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Knowledge Repository

Post-Occupancy Evaluation of a Mental Healthcare Facility Based on Staff Perceptions of Design Innovations

Author(s): Kalantari, S., Snell, R.
Post-occupancy evaluation (POE) is a research method for gathering information on the effectiveness of new architectural designs in healthcare environments. POE can help healthcare providers and designers gauge whether or not a given design is achieving its intended purpose. Since evidence-based designs are becoming more widely implemented in a variety of healthcare environments, POE could prove useful in many different departmental contexts. The authors note that the application of POE in research focusing on mental healthcare facilities is rare, signaling a need for exploration
Key Point Summary

Impact of the Physical Environment of Residential Health, Care, and Support Facilities (RHCSF) on Staff and Residents A Systematic Review of the Literature

Author(s): Joseph, A., Choi, Y.-S., Quan, X.
Strategies related to the design of the built environment should be considered within the context of the culture of the organization and the resident population. This study of the physical environment of residential health, care, and support facilities addresses the range of settings and population, where other studies have been lacking. The literature review strongly suggests that the built environment is an important component of care provided in residential care settings.
Key Point Summary

Part 2: Evaluation and Outcomes of an Evidence-Based Facility Design Project

Author(s): Krugman, M., Sanders, C., Kinney, L. J.
After a western academic hospital implemented the recommendations of an interdisciplinary team that combined the principles of Transforming Care at the Bedside (TCAB) and Evidence-Based Design (EBD), an evaluation was necessary. This article (Part 2) presents the evaluation of the project.
Key Point Summary

Part 1: Evidence-Based Facility Design Using Transforming Care at the Bedside Principles

Author(s): Devine, D. A., Wenger, B., Krugman, M., Zwink, J. E., Shiskowsky, K., Hagman, J., Limon, S., Sanders, C., Reeves, C.
A western academic hospital reexamined its design strategy when after three years of building a new facility they had to plan for a new facility to meet their patient capacity. Using a combination of the principles of Transforming Care at the Bedside (TCAB) and Evidence-Based Design (EBD), an interdisciplinary team presented design recommendations.
Key Point Summary

Using Lean-Based Systems Engineering to Increase Capacity in the Emergency Department

Author(s): White, B., Chang, Y., Grabowski, B., Brown, D.
Emergency department (ED) crowding is a widespread issue that causes a multitude of negative effects on patient care quality, safety, and efficiency. Lean-based systems engineering, which is often used for industrial manufacturing, is a method for eliminating all forms of waste (including wasted time and other resources) to optimize productivity. Recent studies have begun to demonstrate the use of systems engineering and improvement science on streamlining processes and improving throughput in different medical capacities, but an opportunity remains to refine the application of these tools within EDs in particular.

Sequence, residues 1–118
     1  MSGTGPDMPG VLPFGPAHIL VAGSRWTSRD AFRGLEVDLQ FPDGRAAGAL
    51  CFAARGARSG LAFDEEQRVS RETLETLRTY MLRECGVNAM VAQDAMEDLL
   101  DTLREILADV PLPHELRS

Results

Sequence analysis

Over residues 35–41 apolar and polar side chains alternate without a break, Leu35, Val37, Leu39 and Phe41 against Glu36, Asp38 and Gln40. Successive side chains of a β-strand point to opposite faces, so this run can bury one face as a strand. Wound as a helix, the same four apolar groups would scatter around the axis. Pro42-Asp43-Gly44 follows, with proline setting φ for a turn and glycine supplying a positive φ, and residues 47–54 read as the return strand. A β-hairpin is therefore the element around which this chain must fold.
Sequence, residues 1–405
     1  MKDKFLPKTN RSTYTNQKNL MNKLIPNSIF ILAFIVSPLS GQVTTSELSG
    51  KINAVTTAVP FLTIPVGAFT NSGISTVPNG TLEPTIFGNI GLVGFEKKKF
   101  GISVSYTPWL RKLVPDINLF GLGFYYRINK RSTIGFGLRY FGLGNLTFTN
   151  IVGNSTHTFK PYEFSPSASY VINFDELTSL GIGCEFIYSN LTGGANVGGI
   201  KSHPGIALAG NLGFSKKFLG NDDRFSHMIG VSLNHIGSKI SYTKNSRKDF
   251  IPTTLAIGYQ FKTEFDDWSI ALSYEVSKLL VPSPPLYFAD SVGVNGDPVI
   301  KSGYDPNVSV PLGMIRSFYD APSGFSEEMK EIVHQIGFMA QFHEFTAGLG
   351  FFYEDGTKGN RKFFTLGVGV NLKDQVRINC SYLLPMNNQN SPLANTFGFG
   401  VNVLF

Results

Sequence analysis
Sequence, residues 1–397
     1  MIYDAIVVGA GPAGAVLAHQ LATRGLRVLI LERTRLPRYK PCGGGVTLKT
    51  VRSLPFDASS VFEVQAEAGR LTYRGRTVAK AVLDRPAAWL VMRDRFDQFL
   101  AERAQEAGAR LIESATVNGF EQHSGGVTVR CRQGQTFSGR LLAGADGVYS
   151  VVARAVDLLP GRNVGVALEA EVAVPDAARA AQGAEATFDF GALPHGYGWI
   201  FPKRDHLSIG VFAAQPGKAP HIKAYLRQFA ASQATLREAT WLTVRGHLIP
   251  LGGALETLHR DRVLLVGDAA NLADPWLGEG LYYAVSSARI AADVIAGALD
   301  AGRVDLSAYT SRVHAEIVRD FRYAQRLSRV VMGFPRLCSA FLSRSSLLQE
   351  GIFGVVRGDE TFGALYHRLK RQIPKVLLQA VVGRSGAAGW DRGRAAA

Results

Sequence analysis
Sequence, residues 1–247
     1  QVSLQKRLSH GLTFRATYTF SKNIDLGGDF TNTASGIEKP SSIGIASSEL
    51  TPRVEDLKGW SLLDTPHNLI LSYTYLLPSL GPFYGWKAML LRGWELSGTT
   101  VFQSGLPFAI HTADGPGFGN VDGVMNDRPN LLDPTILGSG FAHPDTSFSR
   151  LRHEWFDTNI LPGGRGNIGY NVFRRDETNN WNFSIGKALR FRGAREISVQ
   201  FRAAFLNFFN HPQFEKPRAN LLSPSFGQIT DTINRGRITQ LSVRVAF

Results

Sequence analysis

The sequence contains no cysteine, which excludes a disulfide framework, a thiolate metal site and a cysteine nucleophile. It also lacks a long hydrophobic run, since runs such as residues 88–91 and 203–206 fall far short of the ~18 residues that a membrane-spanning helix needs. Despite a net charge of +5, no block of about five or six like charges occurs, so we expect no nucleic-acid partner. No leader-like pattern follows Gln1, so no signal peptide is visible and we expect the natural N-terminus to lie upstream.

Key Point Summary

Factors influencing evaluation of patient areas, work spaces, and staff areas by healthcare professionals

Author(s): Sadatsafavi, H., Walewski, J., Shepley, M. M.
One important element of high-quality healthcare delivery is a motivated and satisfied staff. Healthcare executives should regularly examine the factors that influence clinicians’ perceptions of satisfaction and quality so that necessary changes can be addressed.
Key Point Summary

The effect of hospital layout on caregiver-patient communication patterns

Author(s): Pachilova, R., Sailer, K.
This article suggests that the field of evidence-based design (EBD), which considers information from case evaluations and credible research during design-related decision processes, has only marginally examined hospital layouts and their effects. As a result, this study attempts to build on the tradition of “Space Syntax” research, which is a theory that explores how space controls and generates encounters between inhabitants and visitors of certain spaces and how these two groups engage in communication.
Key Point Summary

Quality Physical Environment in Paediatric Wards: Designer’s Creation Versus Users’ Satisfaction

Author(s): Ghazali, R., Abbas, M. Y.
Prior research has revealed that an optimal healing environment can enhance a child’s quality of life by supporting the healing process. However, little has been done to identify specific design features within an optimal healing environment that either impede or aid the healing process. 
Key Point Summary

Client-Centered Design of Residential Addiction and Mental Health Care Facilities: Staff Perceptions of Their Work Environment

Author(s): Novotná, G., Urbanoski, K. A., Rush, B. R.

An Evaluation of Operating Room Safety and Efficiency: Pilot Utilization of a Structured Focus Group Format and Three-Dimensional Video Mock-Up To Inform Design Decision Making

Author(s): Watkins, N., Kobelja, M., Peavey, E., Thomas, S., Lyon, J.
While surgical and interventional procedures are the most profitable services within the hospital, the cost of building and maintaining an OR can quickly reduce the profitability of running an OR. Due to this precarious balance of revenue and cost, the planning and design of an OR should look to reduce injury to staff and prevent unnecessary costs, while increasing operational efficiencies.
Key Point Summary